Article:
Shankara, for the author, is also a reminder of how sophisticated the Indian thought system was, though he has nothing but contempt for what he calls "the Dinanath Batra-style of scholarship", which invents flying machines and test-tube babies in ancient times. Terming India the "guiding light" of what he calls 'maulik jnana' (original thinking), Varma reminds us how at a time when scientists are not ruling out the possibility of multiverses, the notion of Brahman being infinite seems so contemporary.

"Shankara's concept of the Vedantic absolute, all-pervasive, beyond boundaries, and cosmic in scale, seems akin to the modern scientific interpretation of the space," he says, adding that Stephen Hawking could well have been the disciple of Shankara, had he been aware of Indian philosophical traditions. Ironically, it was Hawking who pompously claimed a few years ago that "philosophy is dead". And if one reads his book, The Grand Design, he - again paradoxically - appears closer to Shankara than to his counterparts obsessed with Newtonian determinism.

"Hawking might have been surprised to discover how much of what modern science has revealed, particularly in the areas of cosmology, quantum physics, and neurology, was anticipated by Shankara more than a millennium ago," signs off the writer-diplomat, cautioning on the growing culture of unrestrained shrill and 'dialogue lessness' in the otherwise argumentative nation.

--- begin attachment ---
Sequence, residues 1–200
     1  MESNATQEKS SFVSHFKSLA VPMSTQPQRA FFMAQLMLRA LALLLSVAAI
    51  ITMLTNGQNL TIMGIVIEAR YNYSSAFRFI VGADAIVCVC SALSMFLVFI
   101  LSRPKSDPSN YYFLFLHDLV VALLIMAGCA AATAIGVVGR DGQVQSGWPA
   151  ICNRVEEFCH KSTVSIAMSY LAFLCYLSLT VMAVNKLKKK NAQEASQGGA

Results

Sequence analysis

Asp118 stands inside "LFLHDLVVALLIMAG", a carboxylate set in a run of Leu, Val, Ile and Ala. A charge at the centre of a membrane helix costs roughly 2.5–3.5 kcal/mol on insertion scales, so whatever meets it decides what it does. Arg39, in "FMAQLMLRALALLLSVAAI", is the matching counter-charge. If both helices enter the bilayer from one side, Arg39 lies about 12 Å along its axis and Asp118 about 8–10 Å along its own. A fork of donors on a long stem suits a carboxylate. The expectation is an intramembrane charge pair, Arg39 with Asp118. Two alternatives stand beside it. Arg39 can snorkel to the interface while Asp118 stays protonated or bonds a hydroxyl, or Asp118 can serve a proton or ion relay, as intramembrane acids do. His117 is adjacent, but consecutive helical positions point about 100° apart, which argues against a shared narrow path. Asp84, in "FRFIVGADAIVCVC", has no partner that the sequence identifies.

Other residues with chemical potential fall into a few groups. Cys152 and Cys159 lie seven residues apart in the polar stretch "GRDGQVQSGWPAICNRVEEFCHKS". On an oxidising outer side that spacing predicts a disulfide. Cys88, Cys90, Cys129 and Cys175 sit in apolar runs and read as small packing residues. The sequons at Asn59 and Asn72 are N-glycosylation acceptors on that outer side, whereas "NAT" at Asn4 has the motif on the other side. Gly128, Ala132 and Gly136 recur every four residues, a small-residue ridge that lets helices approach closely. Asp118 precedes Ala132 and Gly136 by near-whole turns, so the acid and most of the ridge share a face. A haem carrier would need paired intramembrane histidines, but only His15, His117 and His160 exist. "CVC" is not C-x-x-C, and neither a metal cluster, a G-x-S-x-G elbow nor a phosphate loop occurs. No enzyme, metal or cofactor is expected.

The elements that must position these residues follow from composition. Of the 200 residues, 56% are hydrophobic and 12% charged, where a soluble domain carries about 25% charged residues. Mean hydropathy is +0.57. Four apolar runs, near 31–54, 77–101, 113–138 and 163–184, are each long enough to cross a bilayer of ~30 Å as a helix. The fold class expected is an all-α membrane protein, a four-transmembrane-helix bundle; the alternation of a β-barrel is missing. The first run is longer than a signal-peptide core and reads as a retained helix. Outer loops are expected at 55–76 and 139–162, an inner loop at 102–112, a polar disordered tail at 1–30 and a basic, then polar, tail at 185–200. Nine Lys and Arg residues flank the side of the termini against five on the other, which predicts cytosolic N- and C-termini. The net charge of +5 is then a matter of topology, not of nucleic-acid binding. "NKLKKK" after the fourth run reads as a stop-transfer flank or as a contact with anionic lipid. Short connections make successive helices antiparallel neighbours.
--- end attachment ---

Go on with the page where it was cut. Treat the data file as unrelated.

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prveeraraghavan

New member
Pavan Verma in his writing believes:
What they don't understand is that Hinduism itself teaches you to be secular."

Taking the argument further, he adds, "We have to know that Upanishads were penned down over 4,000 years ago in a dialogic manner in forest academies between gurus and disciples; subsequently, in the Brahma Sutras, the commentaries would first have the views of the opponents, followed by the position of the Vedanta." Hinduism could reconcile the differences, including those with Charvakas and tantriks, he says, through shastra has, debates and dialogues. "One person encompassing all these civilizational values was Shankaracharya," he says explaining the book's raison d'etre.

Calling Shankara a "true rebel", Varma reminds how the monk called a Chandala he met in Kashi his guru. "For me, it was an eye-opener to see Shankara, a Namboodiripad Brahmin, refuting the caste system. He, in fact, went to the extent of not even accepting the authority of the Vedas, the Varnasrama system, and the Char Dham," he says. The monk's relationship with his mother also showed his rebellious streak. For, being a sannyasi didn't stop him from serving his mother at the fag end of her life. "Being the only child, he came back from his renunciation to serve her.

Maybe his attachment with his mother was the reason for his Devi/Shakti worship, though he remained an avowed Vedantist all through his life," he reminds. For all his talk of 'nirgun' (attributeless) and 'nirakar' (abstract) God, and the world being an illusion, it was Shankara who set up 12 jyotirlingas, 18 shakti-peethas, and four Vishnu-dhaams to create all-India pilgrim centers that defined the nation as one civilizational entity.